Victoria Redsun says it is difficult to be a young, Indigenous person in an urban environment right now.
“We see our people on the streets and hurting,” says Redsun who adds that residential schools are still fresh in her memory and the issues around violence and genocide against Indigenous women is still happening.
The 20 year old Denesuline poet, performer, filmmaker and activist is based in Winnipeg.
She says you only have to walk down the streets of Winnipeg to see the ongoing effects of colonialism.
But Redsun says she felt safe and accepted during her time at the Unist’ot’en healing centre in British Columbia.
It’s where Redsun spent most of the winter up until her arrest during an RCMP raid on Wet’suwet’en territory in early February.
The RCMP cleared out the road leading to the healing camp after a Dec. 31 injunction was granted against supporters of the Wet’suwet’en hereditary chiefs who are fighting against construction of the Coastal Gaslink (CGL) pipeline on their territory.
The pipeline will carry fracked natural gas from Dawson Creek, B.C., across the province to Kitimat on the coast.
Twenty elected band councils voted in favour of the project.
The hereditary chiefs say they have control over what happens on the territorial lands.
Redsun believes her arrest and the arrest of others showed what the RCMP “is truly there for.”
“They’re there to protect industry, they’re there for profit, they’re not there to protect the people,” she said. “Even though they say that they’re there for our safety. If you watch all of the videos of the RCMP at the Wet’suwet’en territory, they’re not there for our safety.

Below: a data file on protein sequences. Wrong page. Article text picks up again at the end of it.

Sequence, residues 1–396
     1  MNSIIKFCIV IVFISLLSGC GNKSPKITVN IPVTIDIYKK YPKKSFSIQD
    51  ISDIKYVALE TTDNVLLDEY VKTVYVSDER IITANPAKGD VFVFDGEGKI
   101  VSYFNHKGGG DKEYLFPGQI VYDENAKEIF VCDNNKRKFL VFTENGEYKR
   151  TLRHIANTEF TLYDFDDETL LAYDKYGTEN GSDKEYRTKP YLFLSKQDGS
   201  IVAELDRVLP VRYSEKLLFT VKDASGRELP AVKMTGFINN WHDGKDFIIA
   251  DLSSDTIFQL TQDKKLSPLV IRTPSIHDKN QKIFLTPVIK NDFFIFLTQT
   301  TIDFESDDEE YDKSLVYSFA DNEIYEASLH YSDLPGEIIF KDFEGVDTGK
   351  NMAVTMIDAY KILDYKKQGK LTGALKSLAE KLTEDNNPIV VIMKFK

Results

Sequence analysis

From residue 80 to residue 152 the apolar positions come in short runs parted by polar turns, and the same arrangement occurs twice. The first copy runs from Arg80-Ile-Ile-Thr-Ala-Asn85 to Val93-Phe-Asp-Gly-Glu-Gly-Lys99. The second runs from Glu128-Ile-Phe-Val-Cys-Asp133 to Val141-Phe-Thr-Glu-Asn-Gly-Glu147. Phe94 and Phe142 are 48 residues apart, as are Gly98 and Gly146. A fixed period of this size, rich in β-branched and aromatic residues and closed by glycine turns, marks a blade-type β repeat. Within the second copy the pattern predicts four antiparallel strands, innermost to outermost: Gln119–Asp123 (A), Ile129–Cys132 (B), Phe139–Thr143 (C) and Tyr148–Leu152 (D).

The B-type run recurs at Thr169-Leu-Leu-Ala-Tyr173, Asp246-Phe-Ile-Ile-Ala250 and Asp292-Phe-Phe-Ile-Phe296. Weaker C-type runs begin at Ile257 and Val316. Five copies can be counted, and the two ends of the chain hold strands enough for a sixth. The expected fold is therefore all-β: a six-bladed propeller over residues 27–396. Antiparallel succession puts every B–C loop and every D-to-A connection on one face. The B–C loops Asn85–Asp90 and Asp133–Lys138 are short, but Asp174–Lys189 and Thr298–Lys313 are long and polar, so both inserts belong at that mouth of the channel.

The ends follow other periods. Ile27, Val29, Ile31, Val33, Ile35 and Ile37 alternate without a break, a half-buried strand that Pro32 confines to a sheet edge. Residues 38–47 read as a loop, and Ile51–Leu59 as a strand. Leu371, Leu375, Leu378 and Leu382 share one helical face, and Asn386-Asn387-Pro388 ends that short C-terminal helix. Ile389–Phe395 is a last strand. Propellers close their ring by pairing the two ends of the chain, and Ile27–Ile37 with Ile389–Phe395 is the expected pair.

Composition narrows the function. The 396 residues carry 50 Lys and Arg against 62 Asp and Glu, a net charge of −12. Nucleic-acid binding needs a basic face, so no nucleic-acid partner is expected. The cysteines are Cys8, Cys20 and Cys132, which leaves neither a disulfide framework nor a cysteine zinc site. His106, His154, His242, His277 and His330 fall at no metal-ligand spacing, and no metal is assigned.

“They’re there to get this pipeline through.”
The arrest of Redsun and others at the camps in Wet’suwet’en territory spawned solidarity actions and blockades all over the country.
“I’m really happy to see everybody rising up after all the arrests as well after that week of invasion on Wet’suwet’en land,” says Redsun who adds that it was traumatizing to be arrested off the territory that has and continues to heal her.
During her time at the Unist’ot’en Healing Centre, Redsun says she learned about traditional foods, who she is as a person and how to break toxic cycles of trauma and colonialism.
Her experience made her feel “empowered as a native youth, two-spirit and Denesuline.”
While Redsun was at the camp to heal, she was also there to help stop the CGL pipeline.
“People can say its about a pipeline but there’s so many pipelines that are trying to go through native lands right now. So, it’s much more than a single pipeline,” says Redsun.
“It’s about the land and it’s about our rights as humans,” she said. “And I think we’re all recognizing and waking up as a people together to fight for those things because there’s only how much fresh water in the world right now because its all being polluted.
“There’s only so many lands that we can go on that’s pristine and we really, really need to fight hard to protect those things because they’re under attack for profit, an for industry and for colonialism.”
Redsun believes CGL is investing money into dividing people, including through paid social media advertisements.
“We’re not paid, I’m not getting paid for anything,” says Redsun who feels the money and jobs being offered for the pipeline are short term.
Redsun says it’s been hurtful to see the racism brought out over the issue from people saying they want to run people over with trains and trucks to bomb threats.
Redsun has now returned to B.C. to continue her support for the Wet’suwet’en people who are opposed to the pipeline.